Teen Film Wins Festival Award

Documentary produced by students in UCR ARTSblock summer program honored at Big Bear International Film Festival

skeleton

This skeleton made of found objects is part of the ever-growing, eclectic collection of art at Tio's Tacos restaurant in Riverside.

By Pat Murkland

RIVERSIDE, Calif. — A glimpse of family life at a Riverside folk-art treasure has won a film festival award for teen producers from UC Riverside’s ARTSblock.

ARTSblock students Bethanee Hughes and Monica Lawless-Gomez, both now high school juniors, won the High School Student Film Award from Big Bear International Film Festival for their short documentary, “In the Shadow of an Artist: Tio’s Tacos.”

This is the second award won by participants in the 2012 free summer “Off the Block” workshop, which taught teenagers ages 15-19 how to produce a short video documentary, including interviewing, filming and editing.

Photo of family

The family of Martin Sanchez talks about life with the Tio’s Tacos owner/artist in a documentary film produced by high school students at UCR ARTSblock. Pictured are wife Concepcion Sanchez and daughters Mayte, Kimberly and Estefani.

The first award, won earlier this year at the PBS 47th Annual California Student Media Festival, was for a short documentary portraying the life and activism of an undocumented teen immigrant, “Italia Garcia — Dream Activist.”

The winning Big Bear documentary features Tio’s Tacos, a restaurant in downtown Riverside that is a continuing art project of restaurant owner Martin Sanchez. Just about every inch of the place features eclectic folk art made from other people’s trash, including recycled and found objects such as bottles, cans and shells.

The restaurant and its artist-owner have been featured in other documentaries. Off the Block instructor Scott Hernandez said that the teen filmmakers originally planned to do a similar profile — until an emergency called the artist away. So, the teens decided instead to profile the family, including daughters their age. Their nine-minute documentary explores what it means to live with someone who sees trash as creative treasure, and what it’s like to live at a restaurant that’s also an evolving art project.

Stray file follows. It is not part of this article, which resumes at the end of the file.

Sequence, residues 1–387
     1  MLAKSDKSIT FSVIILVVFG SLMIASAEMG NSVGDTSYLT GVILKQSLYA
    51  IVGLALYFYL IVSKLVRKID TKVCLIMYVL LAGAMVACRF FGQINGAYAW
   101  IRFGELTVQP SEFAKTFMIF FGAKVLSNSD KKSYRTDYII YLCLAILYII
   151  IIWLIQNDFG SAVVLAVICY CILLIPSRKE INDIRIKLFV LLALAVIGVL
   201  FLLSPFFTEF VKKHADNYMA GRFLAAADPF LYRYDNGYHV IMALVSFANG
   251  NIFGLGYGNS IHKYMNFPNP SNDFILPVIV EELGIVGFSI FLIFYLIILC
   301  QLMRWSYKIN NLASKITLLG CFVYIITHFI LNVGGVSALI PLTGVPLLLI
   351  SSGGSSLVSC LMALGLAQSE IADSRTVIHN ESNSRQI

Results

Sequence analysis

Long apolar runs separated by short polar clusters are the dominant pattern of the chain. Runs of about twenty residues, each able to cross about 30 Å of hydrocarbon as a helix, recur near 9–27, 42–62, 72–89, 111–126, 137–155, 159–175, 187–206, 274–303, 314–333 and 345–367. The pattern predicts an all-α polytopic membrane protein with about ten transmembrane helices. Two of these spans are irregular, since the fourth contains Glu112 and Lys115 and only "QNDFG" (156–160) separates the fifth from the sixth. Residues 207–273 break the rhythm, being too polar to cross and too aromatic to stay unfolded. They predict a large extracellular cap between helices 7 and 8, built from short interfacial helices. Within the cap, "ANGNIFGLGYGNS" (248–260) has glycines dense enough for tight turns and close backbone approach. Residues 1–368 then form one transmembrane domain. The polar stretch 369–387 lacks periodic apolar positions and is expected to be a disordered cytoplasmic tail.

The award-winning film was aired at the Sept. 20-22, 2013, Big Bear festival, where co-producer Monica Lawless-Gomez, a student at Martin Luther King High School in Riverside, was among the screenwriters and independent filmmakers participating in festival discussions.

Estefani Sanchez in teepee

Estefani Sanchez explains why this teepee is her favorite work of art created by her father. The documentary film was named best high school student film at the Big Bear International Film Festival.

More than 20 teen participants produced documentaries in the Off the Block 2013 summer session. UCR ARTSblock, a downtown complex that provides a cultural meeting ground for town and campus, is seeking grant money to help continue the annual workshops, Hernandez said.

Instructors for the award-winning film were Hernandez and Jason Chou. Production coordinators were Jasper Bernbaum, Grace Cohen, Mikenzie Denholtz, Philipp Girke, Michael Papavero, Sarinah Simons, and Isabel Flores.

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